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Nov 16, 2019 18:25:13


by @abrahamKim PATRON | 250 words | 6🔥 | 436💌


Current day streak: 6🔥
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In middle school my uncle gifted me The Catcher in the Rye while mentioning that  I probably wouldn't understand it for awhile. It sat untouched for years until out of boredom I one day opened the book with no expectations.

Back then I didn't read for fun. But these words read like my own thoughts and feelings inked onto cheap pulp sheets. I couldn't fully understand the plot, couldn't understand what the moral was, but the feeling inside... it felt like me. 

Immediately after, I wanted something similar. After searching around the internet, I found The Catcher in the Rye frequently associated with The Great Gatsby. My english class was assigning it for next year, but I couldn't wait.

The novel hardly resembled my high school life in rural-suburban America, but I felt inside their melancholic shoes. The Great Gatsby became my favorite novel for years. It changed the way I consciously viewed the world, which is funny because it didn't present any new ways of thinking or seeing, but rather just the way I already thought and felt so relatably. And just like with The Cather in the Rye, I couldn't actually understand what was happening. All I knew was that it felt like me in those pages.

In retrospect I finally understood what lay within those novels that allured me. It was for me a permission to be what I've -- against much denial -- always been. An outsider.

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    @abrahamKim when I think about it now it seems pretty surreal, but Catcher in the Rye was an obligatory reading in my high school... Maybe they wanted to show us how lost and confused kids are in the imperialistic culture... Well, whatever reasons, I read it when the time was right, and loved it. And then fell in love with Sallinger and read more or less... oh, according to Wiki, seems all of his books. There is some very special mood in them, not so much rebellion though.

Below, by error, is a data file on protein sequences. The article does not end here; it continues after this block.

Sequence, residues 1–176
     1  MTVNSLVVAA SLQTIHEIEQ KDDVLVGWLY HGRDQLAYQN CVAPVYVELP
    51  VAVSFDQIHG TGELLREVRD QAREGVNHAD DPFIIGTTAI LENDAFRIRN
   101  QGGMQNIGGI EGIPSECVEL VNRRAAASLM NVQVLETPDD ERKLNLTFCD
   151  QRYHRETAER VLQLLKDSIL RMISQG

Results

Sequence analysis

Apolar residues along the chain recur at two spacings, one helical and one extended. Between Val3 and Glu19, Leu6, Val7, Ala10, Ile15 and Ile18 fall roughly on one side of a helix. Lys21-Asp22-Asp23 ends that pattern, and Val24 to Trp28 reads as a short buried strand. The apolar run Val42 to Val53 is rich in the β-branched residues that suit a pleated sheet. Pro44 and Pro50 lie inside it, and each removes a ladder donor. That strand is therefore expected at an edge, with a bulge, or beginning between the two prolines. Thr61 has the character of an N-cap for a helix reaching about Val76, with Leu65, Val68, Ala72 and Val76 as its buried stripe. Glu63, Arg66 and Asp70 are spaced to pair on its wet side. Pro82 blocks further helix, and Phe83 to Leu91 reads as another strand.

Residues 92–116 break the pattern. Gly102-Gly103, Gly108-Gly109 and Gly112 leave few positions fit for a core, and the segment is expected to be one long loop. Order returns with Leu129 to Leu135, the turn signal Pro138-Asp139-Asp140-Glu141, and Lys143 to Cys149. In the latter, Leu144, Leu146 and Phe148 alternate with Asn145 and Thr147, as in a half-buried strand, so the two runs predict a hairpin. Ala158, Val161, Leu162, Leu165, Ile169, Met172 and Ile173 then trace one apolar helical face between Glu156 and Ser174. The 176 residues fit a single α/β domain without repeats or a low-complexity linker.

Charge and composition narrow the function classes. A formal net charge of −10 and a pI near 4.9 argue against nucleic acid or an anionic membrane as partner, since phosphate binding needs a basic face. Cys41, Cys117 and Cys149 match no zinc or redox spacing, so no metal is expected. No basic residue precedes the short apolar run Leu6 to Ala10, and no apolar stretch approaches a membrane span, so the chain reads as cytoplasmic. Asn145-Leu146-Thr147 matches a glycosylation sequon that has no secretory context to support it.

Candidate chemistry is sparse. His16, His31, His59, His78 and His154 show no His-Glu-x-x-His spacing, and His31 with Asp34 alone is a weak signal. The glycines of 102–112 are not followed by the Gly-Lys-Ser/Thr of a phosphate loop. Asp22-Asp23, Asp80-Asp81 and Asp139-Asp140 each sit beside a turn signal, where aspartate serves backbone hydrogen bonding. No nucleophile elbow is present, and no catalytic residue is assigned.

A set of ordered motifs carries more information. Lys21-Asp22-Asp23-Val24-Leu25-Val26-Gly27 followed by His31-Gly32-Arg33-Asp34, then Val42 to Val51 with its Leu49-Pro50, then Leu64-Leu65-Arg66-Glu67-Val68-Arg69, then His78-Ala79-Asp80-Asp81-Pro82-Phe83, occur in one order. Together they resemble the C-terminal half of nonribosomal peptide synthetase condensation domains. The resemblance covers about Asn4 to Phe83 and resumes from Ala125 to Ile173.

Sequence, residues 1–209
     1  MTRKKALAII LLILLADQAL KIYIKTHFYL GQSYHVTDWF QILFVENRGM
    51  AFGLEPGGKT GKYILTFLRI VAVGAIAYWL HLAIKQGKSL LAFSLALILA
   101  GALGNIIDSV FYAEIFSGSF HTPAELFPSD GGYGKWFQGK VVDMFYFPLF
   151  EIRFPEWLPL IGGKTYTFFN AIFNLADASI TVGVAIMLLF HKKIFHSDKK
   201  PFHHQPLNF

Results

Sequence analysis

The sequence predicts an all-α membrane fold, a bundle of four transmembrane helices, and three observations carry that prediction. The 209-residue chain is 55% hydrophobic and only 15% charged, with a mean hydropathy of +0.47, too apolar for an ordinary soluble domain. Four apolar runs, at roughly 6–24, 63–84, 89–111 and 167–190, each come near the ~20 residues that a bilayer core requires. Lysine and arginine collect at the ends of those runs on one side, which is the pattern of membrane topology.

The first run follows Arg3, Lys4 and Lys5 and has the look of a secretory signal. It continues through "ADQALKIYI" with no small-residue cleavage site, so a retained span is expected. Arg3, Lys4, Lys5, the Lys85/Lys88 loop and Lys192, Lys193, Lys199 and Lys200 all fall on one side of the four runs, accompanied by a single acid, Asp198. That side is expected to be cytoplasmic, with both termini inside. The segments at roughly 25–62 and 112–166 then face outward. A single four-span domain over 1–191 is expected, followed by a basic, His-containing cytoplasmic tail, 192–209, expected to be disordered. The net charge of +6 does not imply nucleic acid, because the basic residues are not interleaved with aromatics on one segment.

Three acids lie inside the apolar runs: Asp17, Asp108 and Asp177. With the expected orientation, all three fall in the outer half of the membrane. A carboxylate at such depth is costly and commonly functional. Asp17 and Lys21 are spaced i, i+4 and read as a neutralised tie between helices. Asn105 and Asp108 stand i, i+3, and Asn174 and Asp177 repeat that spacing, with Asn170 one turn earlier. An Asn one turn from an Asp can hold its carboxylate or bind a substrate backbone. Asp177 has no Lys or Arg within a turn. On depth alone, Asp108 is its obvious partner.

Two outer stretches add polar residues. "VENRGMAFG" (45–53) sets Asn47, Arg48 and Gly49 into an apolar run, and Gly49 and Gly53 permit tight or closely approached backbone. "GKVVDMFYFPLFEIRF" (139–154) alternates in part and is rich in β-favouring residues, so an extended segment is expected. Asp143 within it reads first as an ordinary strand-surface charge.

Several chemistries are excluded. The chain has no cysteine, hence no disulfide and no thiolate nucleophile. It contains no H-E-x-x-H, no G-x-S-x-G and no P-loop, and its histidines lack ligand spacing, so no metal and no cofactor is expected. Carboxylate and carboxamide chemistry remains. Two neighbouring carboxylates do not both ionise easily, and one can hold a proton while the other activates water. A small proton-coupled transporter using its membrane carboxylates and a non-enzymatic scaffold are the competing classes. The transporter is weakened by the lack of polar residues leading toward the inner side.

Lucjah avatar Lucjah | Nov 20, 2019 19:14:44
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    @abrahamKim It is interesting how these books have had such an impact on you. For whatever reason, I somehow have avoided reading either book. I wish I would have been steered toward these books and less of Shakespeare.

    Brandon Wilson avatar Brandon Wilson | Nov 17, 2019 10:53:05
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      Did you actively avoid it? Or just happen to never come across reading it?

      I never read much Shakespeare growing up and wish I had lol

      Abe avatar Abe | Nov 18, 2019 15:46:18
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      @abrahamKim I took all honors English classes, and yet somehow I was never assigned those books and never read them on my own. I think my teachers were obsessed with Shakespeare.

      Brandon Wilson avatar Brandon Wilson | Nov 18, 2019 20:24:37
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    @abrahamKim - Now I need to read these books! Awesome conclusion Sir Abe!

    Keni avatar Keni | Nov 16, 2019 13:56:00
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      I wouldn't recommend them anymore though to anyone who's quite mature. like it's a good book for coming of age youngsters. But hten again you're 16 so nevertmind haha

      Abe avatar Abe | Nov 16, 2019 20:05:59
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